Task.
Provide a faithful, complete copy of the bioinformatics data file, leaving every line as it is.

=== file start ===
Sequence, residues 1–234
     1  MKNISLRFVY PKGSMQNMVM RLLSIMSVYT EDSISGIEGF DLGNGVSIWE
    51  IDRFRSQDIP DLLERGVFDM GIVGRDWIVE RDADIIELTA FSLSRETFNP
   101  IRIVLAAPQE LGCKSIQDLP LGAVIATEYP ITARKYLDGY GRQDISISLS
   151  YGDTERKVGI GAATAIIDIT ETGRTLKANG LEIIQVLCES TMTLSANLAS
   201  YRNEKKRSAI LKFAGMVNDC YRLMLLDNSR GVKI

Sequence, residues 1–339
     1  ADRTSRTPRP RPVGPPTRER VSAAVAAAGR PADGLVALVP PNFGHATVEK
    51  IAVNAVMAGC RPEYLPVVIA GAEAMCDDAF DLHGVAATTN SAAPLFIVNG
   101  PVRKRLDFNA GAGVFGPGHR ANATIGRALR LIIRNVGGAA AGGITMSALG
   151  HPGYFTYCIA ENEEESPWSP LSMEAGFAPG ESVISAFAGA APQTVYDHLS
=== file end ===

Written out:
Sequence, residues 1–234
     1  MKNISLRFVY PKGSMQNMVM RLLSIMSVYT EDSISGIEGF DLGNGVSIWE
    51  IDRFRSQDIP DLLERGVFDM GIVGRDWIVE RDADIIELTA FSLSRETFNP
   101  IRIVLAAPQE LGCKSIQDLP LGAVIATEYP ITARKYLDGY GRQDISISLS
   151  YGDTERKVGI GAATAIIDIT ETGRTLKANG LEIIQVLCES TMTLSANLAS
   201  YRNEKKRSAI LKFAGMVNDC YRLMLLDNSR GVKI

Sequence, residues 1–339
     1  ADRTSRTPRP RPVGPPTRER VSAAVAAAGR PADGLVALVP PNFGHATVEK
    51  IAVNAVMAGC RPEYLPVVIA GAEAMCDDAF DLHGVAATTN SAAPLFIVNG
   101  PVRKRLDFNA GAGVFGPGHR ANATIGRALR LIIRNVGGAA AGGITMSALG
   151  HPGYFTYCIA ENEEESPWSP LSMEAGFAPG ESVISAFAGA APQTVYDHLS